The United States will strengthen its military presence in Europe in response to the invasion of Ukraine by Russia
The United States plans to increase its military presence in Europe as part of its defense boost in the wake of Russia’s invasion of Ukraine, President Joe Biden announced before NATO leaders only meet for their historic summit in Madrid on Wednesday (June 29).
“The United States will strengthen its posture of forces in Europe and respond to the evolution of the security environment”Biden said, noting that they plan to “defend every square inch of Allied territory”.
The United States has increased its presence since shortly before the Russian invasion in late February, increasing the 80,000 previously in Europe by around 20,000 troops.
In a speech alongside NATO Secretary General Jens Stoltenberg, Mr Biden announced that the United States planned to establish a “permanent headquarters” for the US 5th Army Corps in Poland.
Washington will also send 5,000 troops as part of a rotational brigade based in Romania, bolster rotational deployments to the Baltics, assign additional squadrons of F-35 fighter jets to the United Kingdom, set up a additional air defense in Germany and Italy, and will send two additional naval destroyers to Spain.
Mr Biden said the summit of NATO leaders in Madrid was “historical” and that new US deployments “send an unequivocal message that NATO is strong and united”.
“At a time when Russian President Vladimir Putin has shattered peace in Europe (…), the United States and its allies are mobilizing and proving that NATO is more necessary than ever”Mr. Biden said.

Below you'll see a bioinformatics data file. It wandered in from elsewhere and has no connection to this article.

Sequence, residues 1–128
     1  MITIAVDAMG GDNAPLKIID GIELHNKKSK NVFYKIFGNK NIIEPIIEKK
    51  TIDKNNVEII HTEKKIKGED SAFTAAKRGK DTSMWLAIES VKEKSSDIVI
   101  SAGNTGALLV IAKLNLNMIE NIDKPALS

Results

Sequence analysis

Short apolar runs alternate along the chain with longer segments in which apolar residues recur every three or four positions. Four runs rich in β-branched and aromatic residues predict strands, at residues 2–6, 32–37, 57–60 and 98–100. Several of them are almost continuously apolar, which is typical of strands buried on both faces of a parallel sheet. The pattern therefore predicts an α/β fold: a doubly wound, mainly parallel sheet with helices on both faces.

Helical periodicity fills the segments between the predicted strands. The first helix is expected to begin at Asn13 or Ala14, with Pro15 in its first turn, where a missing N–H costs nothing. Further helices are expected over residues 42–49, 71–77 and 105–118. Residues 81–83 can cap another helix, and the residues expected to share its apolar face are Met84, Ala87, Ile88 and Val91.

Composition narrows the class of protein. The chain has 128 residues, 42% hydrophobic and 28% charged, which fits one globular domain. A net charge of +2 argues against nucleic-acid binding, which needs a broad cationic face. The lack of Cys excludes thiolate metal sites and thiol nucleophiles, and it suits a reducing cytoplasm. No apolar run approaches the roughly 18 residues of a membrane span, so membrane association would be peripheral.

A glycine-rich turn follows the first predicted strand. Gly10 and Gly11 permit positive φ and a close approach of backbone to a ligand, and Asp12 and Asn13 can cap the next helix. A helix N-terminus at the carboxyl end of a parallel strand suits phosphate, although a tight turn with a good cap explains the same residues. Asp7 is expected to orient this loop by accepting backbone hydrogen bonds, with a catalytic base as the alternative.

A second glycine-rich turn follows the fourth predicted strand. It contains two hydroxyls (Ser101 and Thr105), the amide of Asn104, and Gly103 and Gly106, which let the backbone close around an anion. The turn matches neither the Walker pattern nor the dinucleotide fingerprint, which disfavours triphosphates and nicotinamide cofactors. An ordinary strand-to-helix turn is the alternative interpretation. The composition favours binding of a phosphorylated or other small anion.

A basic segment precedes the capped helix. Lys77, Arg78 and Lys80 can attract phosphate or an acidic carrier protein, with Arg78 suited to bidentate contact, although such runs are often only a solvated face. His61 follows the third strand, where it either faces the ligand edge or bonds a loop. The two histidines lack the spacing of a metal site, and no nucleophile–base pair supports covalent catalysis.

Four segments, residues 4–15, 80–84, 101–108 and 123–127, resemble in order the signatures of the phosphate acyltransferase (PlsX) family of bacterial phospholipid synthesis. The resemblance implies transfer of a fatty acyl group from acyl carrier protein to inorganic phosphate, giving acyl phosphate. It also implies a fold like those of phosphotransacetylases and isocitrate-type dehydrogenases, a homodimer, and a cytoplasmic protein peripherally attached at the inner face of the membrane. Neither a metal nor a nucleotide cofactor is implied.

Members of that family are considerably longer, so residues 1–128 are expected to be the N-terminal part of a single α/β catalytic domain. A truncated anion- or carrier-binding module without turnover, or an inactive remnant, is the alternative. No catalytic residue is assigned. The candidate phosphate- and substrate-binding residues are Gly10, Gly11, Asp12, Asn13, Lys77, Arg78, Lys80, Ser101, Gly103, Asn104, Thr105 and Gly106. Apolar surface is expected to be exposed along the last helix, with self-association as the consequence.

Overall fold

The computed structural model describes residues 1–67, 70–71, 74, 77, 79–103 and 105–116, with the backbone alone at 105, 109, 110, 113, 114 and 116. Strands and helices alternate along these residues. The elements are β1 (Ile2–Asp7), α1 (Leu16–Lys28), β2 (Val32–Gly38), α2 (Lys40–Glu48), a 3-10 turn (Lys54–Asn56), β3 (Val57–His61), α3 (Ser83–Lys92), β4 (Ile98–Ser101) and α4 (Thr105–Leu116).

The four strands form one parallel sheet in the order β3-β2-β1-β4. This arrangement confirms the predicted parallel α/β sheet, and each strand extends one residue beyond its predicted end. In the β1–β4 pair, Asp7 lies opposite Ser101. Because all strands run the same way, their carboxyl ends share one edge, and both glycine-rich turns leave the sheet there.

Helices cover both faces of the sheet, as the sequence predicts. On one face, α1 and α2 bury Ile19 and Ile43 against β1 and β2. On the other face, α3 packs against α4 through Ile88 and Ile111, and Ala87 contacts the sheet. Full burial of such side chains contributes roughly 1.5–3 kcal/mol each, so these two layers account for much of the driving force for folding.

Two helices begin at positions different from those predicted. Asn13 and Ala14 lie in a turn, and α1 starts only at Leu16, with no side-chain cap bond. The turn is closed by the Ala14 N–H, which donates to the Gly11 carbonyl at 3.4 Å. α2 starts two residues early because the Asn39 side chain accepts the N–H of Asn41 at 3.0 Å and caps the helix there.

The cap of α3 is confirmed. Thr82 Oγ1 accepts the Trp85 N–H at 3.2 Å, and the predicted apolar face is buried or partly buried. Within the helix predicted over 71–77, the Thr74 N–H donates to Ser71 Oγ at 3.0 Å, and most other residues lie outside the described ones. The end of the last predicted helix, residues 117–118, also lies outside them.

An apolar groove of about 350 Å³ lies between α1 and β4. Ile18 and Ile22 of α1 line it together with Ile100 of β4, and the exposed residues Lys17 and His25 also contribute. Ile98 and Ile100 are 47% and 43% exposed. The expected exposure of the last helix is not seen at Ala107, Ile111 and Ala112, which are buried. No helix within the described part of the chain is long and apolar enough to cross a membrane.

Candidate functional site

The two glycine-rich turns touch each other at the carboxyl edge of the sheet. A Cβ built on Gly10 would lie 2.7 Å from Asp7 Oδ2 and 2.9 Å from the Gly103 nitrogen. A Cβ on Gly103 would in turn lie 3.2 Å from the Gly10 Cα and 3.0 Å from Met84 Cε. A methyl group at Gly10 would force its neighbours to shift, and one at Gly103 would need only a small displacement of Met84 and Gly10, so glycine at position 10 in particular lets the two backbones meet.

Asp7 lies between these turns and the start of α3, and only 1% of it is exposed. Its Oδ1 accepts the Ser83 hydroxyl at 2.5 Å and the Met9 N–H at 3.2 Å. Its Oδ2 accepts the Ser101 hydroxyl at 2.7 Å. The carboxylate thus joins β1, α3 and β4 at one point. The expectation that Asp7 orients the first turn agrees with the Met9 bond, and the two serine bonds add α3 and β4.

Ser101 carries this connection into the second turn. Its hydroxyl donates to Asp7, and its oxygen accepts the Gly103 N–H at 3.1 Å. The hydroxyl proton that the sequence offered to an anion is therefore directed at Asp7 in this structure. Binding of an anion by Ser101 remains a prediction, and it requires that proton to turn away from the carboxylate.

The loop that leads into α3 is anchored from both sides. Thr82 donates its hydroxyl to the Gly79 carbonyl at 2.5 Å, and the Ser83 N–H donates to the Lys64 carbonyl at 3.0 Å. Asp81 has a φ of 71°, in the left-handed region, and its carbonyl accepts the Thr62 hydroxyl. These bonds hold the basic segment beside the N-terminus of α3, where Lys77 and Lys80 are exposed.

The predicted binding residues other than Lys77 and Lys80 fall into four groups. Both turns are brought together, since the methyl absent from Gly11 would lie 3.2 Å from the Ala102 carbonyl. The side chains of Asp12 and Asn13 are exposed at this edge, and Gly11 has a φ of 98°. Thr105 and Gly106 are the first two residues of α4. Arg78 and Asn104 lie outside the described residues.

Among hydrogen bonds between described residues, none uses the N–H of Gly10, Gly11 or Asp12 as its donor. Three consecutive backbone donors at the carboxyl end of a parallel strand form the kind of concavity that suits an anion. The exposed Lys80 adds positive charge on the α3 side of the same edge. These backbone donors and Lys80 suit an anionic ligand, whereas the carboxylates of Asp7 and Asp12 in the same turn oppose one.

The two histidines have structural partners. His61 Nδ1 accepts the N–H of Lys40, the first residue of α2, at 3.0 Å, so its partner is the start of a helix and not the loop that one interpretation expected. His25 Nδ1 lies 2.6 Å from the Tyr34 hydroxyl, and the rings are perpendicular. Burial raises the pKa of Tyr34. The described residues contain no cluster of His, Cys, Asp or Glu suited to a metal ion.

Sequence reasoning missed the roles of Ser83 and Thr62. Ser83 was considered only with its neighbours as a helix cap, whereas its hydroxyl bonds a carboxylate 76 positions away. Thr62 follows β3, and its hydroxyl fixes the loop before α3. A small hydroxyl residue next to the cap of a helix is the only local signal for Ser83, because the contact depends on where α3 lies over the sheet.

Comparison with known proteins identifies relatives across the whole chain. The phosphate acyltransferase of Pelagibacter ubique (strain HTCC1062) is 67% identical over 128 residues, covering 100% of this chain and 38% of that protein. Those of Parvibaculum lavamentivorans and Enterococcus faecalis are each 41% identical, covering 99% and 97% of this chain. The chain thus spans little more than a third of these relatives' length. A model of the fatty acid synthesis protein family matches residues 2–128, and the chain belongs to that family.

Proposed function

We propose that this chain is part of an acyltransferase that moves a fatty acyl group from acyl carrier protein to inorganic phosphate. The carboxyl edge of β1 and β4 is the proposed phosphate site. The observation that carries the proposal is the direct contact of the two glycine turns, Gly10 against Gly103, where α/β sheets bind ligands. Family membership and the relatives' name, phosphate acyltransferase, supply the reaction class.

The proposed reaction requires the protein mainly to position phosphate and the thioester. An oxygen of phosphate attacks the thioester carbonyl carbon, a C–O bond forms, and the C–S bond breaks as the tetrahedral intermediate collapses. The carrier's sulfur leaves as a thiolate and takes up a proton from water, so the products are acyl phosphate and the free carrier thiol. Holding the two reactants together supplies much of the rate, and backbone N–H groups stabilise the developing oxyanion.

The troop boost announcement comes as the Western alliance must also agree that key allies such as the US, Germany, UK and Canada will pre-commit troops, weapons and equipment to the Baltic countries and will intensify training exercises.
NATO also aims to have up to 300,000 troops ready for deployment in the event of conflict, as part of an expanded NATO Response Force.
NATO sees Russia as accomplishing the opposite of what its President Vladimir Putin sought when he launched his war in Ukraine, in part to counter the expansion of the NATO alliance, Western leaders say.
Russia will be identified as the “main threat” of NATO in the new strategic concept of the alliance, whereas it was previously classified as a “strategic partner” of NATO.
“One of the most important messages from President Vladimir Putin (…) was that he was opposed to any further enlargement of NATO”Mr. Stoltenberg told reporters on Tuesday evening.
“He wanted less NATO. Now President Vladimir Putin will have even more NATO on his borders”he added.
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